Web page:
The author has been described by News Ltd as an "iconoclast", "Svengali", a pollie's "economist muse", and "pungently accurate". Fairfax says he is a "Renaissance man" and "one of Australia’s most respected analysts." Stephen Koukoulas concludes that he is "85% right", and "would make a great Opposition leader." Terry McCrann claims the author thinks "‘nuance’ is a trendy village in the south of France", but can be "scintillating" when he thinks "clearly". The ACTU reckons he’s "an enigma wrapped in a Bloomberg terminal, wrapped in some apparently well-honed abs."

Friday, October 7, 2011

Peter Martin: "The Reserve Bank board is all but set to cut interest rates"

Wow, I had missed this article by Fairfax's Peter Martin. He writes on the presumption he has spoken with people who participated in the RBA's last Board meeting:

"The Reserve Bank board is all but set to cut interest rates at its next meeting Melbourne Cup Tuesday. Members who met in Sydney yesterday felt the economy was weak enough to justify an immediate cut. They held off wanting to be sure they could ‘tell a credible story’ about inflation."

Let's just contextualise these claims against a few hard facts:

1/ Since June 2002 the core trimmed mean measure of inflation in Australia has averaged 3.2% pa (I only select June 2002 to put some distance between that date and the GST in July 2000). The RBA's target is "two point something" and as close to the 2.5% mid-point of their target 2-3% band as possible. They have missed their target by some margin on this basis;

2/ Since June 2002, the core weighted median measure of inflation has averaged 3.1% pa. Another long-term target miss;

3/ In February and August, the RBA published two comprehensive sets of core inflation forecasts out to 2013. All project above-target core inflation for 2011, 2012, and 2013;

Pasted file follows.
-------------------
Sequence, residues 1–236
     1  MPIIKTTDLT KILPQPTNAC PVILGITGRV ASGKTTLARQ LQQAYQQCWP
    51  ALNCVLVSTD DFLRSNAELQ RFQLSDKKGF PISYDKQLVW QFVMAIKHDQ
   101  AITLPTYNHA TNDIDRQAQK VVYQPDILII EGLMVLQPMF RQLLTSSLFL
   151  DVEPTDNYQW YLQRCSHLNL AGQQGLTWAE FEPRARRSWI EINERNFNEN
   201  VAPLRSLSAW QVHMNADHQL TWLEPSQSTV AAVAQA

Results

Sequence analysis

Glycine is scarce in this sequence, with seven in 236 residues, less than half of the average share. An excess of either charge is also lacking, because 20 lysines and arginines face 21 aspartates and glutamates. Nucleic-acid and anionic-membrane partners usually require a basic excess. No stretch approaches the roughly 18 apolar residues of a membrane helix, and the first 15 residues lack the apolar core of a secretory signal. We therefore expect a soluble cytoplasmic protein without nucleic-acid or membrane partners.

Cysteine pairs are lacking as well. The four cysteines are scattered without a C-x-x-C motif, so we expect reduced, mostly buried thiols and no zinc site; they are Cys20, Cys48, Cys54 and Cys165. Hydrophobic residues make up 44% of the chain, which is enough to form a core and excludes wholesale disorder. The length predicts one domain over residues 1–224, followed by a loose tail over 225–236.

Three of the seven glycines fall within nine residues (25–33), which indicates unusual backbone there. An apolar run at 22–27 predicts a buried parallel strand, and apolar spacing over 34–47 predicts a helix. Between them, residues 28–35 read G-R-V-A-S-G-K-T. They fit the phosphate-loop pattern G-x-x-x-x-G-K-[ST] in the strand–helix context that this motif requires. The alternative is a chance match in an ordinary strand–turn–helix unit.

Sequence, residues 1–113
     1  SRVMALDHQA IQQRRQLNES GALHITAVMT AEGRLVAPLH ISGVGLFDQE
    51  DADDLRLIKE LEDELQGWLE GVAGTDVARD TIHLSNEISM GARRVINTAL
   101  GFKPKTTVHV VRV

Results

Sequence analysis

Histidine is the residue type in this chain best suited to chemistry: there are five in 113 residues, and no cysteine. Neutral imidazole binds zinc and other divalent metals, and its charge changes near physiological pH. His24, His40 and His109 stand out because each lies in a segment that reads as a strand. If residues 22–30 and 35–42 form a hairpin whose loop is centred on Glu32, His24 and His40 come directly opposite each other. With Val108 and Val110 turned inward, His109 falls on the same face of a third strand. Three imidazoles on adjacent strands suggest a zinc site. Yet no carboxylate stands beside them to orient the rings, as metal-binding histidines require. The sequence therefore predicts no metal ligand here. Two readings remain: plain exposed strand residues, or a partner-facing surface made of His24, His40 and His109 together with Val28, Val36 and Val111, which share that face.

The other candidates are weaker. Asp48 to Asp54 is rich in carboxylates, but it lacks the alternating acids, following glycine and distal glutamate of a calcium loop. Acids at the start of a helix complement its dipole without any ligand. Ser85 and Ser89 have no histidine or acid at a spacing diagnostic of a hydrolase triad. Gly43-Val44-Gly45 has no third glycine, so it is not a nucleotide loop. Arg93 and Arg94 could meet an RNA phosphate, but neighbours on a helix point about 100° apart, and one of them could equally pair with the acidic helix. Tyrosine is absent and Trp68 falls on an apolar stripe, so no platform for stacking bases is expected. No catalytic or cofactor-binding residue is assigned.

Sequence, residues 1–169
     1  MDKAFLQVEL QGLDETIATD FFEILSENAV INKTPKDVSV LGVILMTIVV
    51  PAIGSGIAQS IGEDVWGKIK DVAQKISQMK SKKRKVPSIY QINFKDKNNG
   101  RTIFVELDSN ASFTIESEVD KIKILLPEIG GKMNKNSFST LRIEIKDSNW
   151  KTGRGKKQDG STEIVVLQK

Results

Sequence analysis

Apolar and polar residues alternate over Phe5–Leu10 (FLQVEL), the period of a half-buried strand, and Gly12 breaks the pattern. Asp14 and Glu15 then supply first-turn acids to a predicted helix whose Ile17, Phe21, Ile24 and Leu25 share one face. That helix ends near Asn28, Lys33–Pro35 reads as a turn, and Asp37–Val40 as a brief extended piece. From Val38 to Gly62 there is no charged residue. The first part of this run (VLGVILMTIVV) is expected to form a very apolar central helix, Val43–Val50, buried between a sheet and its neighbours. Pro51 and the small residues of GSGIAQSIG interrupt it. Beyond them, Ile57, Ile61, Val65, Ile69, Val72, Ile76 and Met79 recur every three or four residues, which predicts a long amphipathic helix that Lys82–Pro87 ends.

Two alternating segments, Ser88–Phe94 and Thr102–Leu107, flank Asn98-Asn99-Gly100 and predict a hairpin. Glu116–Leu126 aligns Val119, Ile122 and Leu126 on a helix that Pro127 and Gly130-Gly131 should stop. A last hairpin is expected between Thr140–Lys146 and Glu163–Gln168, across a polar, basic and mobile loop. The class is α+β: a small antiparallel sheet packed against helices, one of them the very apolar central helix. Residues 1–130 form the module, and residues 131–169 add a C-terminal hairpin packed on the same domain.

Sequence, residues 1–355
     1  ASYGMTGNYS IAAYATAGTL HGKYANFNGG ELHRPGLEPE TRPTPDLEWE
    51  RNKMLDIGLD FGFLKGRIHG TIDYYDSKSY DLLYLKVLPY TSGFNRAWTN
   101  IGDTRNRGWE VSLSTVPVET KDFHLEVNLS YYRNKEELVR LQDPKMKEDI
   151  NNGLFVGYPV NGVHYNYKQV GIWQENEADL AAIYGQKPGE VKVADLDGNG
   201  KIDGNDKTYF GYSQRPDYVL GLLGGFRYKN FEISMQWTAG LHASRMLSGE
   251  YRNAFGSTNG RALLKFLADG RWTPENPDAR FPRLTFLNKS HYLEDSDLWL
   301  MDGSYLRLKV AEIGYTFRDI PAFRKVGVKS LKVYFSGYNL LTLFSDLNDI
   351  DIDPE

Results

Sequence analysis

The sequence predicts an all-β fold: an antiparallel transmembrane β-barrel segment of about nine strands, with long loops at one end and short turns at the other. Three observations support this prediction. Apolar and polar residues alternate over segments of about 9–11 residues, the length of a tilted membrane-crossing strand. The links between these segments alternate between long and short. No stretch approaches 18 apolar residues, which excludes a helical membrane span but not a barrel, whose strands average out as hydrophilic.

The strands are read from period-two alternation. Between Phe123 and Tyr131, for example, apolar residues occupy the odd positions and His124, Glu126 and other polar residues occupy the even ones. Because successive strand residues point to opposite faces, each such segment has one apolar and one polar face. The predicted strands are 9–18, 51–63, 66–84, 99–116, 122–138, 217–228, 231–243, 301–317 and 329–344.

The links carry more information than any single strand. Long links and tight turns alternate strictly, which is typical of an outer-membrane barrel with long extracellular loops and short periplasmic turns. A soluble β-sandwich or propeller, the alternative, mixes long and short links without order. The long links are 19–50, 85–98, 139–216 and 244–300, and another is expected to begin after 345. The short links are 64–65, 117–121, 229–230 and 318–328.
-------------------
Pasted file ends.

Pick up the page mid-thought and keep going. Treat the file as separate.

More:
4/ The RBA's top economist, Dr Phil Lowe, has published a speech this year concluding the RBA consistently underestimates the strength of Australia's inflationary pulse once the cycle gets started;

5/ In the year to June 2011, headline inflation was 3.6% per annum (albeit flood-affected);

6/ In the year to June 2011, core inflation had risen from a low of 2.3% pa in December 2010 to be 2.55% pa (revised), and had, in the RBA's repeated words, "bottomed" and was starting to increase again;

7/ Global headline and core inflation measures, according to IMF, are rising robustly;

8/ Monetary policy settings in the G7 economies are near-zero with many nations declaring they will tolerate high inflation;

9/ The one major restraint on domestic inflation, the soaring Aussie dollar, has now fallen 10-15% from its highs;

10/ The RBA has stated that Australia is, for the first time in a decade, starting to import Chinese inflation;

11/ Many productivity experts, like Saul Eslake, and the RBA, claim there is evidence to suggest labour productivity may be weak; and

12/ ABS data clearly implies labour unit costs have risen strongly.

As Martin correctly notes, the RBA was, contrary to some silly suggestions, never going to cut rates before the Q3 CPI absent a total global meltdown. For the RBA's sake, and the credibility of the many dovish forecasters, I hope we get a very low core inflation print in Q3. It would be terrific if we were able to conclude with confidence that Australia no longer had an inflation challenge to face, and if the RBA could cut interest rates 50 basis points. The main beneficiary would be the five million Australian households with variable rate mortgages, after all (yours hawkishly included).